Data vs. Information

So obviously at Holistic, we are obsessed with data! We love data! One of the things that we have really become conscious of is exactly how much data companies have.

When we first started the company, I bought a book on data science and on the first page, I read something that was really interesting. The author talked about the various types of information that a company might have and mentioned the concept of unorganized data or non-uniform data. Information that existed in emails, communications, and calendars, in people's experiences and in their brains. This is real stuff which is valuable and useless all at once -- valuable because of the potential associated with this type of information; useless because it was not organized and not useful in its current format.

We quickly realized that this is a tremendous opportunity for Holistic, to mine some of this type of information and turn it into data. Effectively, what we are doing is we are creating new sources of data; proprietary data, information that has been turned into a usable, sortable format.

Here are a couple of examples:

You probably know when your last performance review was, roughly speaking. You might remember if it was in the morning or if it was in the afternoon, if it was on Monday, but off the top of your head, you don’t remember the exact date. You don’t remember if the meeting got moved to a different location or a different time. You can’t recall if it was late and if so, how late it was. You might not even remember much many details about it like it was taken seriously or not. You have a lot of this information, in your email, in your calendar, in your head, in your notes. What we would do in this scenario is to take this information and bring it together in a data set.

This is super valuable. Once you have a working data set, you can use it -- you can collide it against other sources of data, for example, demographic data, to get really interesting analysis as to the fairness and equity with which the team is pursuing different tasks. This is a really interesting lens into the overall equity of the organization that is simply not available the way that the date is right now.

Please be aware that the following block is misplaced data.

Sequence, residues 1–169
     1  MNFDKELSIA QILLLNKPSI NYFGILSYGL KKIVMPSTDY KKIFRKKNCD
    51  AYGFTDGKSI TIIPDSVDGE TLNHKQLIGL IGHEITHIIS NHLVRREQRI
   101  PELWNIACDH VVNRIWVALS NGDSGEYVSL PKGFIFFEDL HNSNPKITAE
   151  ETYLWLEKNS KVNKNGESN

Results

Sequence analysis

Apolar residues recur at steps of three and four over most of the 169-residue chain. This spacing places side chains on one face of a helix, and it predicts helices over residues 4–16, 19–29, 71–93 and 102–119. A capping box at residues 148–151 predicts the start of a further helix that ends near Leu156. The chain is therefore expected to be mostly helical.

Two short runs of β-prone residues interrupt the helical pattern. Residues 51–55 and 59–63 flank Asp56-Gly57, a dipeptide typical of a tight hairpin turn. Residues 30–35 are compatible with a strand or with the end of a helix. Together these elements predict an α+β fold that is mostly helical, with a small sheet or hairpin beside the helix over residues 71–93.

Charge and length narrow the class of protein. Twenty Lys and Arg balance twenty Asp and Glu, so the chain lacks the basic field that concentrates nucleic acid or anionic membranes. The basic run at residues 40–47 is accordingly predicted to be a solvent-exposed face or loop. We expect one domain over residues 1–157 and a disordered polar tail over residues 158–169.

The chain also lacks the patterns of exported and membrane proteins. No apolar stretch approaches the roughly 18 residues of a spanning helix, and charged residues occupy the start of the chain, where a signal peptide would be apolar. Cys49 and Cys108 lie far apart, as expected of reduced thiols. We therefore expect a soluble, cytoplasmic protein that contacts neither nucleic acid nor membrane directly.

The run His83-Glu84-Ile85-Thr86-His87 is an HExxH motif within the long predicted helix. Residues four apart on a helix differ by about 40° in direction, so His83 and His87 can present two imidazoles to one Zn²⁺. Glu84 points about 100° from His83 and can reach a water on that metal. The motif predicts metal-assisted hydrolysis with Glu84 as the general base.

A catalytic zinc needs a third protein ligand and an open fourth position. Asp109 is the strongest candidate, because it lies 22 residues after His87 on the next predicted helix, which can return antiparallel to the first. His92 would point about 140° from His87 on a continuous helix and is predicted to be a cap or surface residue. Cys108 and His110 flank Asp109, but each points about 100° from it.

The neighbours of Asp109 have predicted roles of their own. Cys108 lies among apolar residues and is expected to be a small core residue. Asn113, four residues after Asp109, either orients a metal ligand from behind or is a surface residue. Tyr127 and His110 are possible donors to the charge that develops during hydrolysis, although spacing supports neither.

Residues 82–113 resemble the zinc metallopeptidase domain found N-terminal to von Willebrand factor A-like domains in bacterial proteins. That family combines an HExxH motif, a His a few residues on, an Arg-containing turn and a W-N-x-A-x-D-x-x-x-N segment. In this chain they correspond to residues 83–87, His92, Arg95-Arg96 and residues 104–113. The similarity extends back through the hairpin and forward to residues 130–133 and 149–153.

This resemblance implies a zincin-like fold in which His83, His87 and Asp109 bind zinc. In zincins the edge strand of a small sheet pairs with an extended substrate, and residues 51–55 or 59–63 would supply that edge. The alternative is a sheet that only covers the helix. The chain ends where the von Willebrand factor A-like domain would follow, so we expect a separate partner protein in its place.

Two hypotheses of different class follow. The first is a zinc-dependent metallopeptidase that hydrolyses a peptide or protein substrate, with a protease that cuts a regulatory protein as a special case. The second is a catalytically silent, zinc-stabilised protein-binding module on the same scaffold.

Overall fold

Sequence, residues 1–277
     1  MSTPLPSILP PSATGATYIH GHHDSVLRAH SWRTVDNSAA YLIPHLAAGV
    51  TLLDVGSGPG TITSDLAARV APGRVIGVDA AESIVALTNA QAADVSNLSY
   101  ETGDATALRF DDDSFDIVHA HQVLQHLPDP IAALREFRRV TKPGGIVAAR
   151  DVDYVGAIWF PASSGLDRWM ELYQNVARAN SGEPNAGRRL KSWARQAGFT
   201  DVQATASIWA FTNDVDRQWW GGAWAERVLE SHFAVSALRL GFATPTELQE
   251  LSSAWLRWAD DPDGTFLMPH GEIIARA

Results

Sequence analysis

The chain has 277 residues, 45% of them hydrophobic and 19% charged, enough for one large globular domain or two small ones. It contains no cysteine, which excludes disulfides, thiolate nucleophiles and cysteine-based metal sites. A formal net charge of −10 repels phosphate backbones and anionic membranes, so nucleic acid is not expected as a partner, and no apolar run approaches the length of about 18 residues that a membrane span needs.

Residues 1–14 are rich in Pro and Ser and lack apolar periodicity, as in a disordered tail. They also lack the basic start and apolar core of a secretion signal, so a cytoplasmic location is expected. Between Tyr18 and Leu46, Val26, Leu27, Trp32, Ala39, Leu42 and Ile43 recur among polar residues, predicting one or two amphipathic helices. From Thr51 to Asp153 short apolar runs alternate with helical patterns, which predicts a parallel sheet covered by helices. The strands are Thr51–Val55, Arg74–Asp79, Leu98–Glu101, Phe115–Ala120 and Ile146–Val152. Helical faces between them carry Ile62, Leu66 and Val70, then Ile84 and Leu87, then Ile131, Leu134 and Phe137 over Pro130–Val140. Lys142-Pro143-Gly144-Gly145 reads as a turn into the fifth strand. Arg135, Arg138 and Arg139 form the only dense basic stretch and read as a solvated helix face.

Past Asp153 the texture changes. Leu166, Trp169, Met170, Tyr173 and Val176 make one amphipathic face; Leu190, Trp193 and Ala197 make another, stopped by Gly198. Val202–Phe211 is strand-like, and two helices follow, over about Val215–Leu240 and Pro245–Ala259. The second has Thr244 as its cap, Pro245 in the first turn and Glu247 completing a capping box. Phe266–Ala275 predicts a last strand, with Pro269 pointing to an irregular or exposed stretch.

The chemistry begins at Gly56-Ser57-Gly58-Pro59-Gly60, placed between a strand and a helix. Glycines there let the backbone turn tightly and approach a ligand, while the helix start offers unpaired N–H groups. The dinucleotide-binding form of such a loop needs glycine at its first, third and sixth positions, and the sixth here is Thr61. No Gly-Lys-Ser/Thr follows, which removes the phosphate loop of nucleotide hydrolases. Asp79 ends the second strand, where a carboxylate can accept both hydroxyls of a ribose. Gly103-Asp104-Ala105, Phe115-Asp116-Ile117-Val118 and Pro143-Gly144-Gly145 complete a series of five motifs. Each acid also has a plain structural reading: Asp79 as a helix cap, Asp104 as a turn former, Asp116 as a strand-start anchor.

The second example is other policies. You have all kinds of policies and procedures and handbooks in place, almost for sure. Someone, somewhere knows that it takes six months before you can get into the 401(k), or that the company match on the healthcare plan to 75%. The issues are threefold: first, this information is decentralized, so it’s hard to access. Second, we already know that very few people actually do have all of this essential information, so even though the company has figured that out, it’s not accessible to employees. Lastly, it’s almost impossible to measure this in any meaningful fashion, because it’s all over the place. We can solve for problems like this in one fell swoop by creating a data set of this information that we can use to drive processes.

The result in both cases is a more efficient, or inclusive organization. We are getting people involved in the processes and we are standardizing information into data so that it is useful and accessible to everybody after being analyzed by the company to create improvement. Both of these are tremendous acts of inclusion and will have a pretty profound impact on the overall company.

The company has a tremendous amount of information at its disposal. Tremendous. We are just now scratching the surface of what we believe the potential is in terms of centralizing and organizing this information into data. We believe that this will be an ongoing effort by Holistic and a major contribution to the companies that we’re working with. What information do you have that you want to process? What information exists in your organization that might be valuable if you looked at in another form? How might your future be different if you access all the information you are gathering and building and shape it into something you can use?

Information is everything. Taking maximum advantage of the information you have, or can get, is fundamental for any company, now and in the future.

Tom Alexander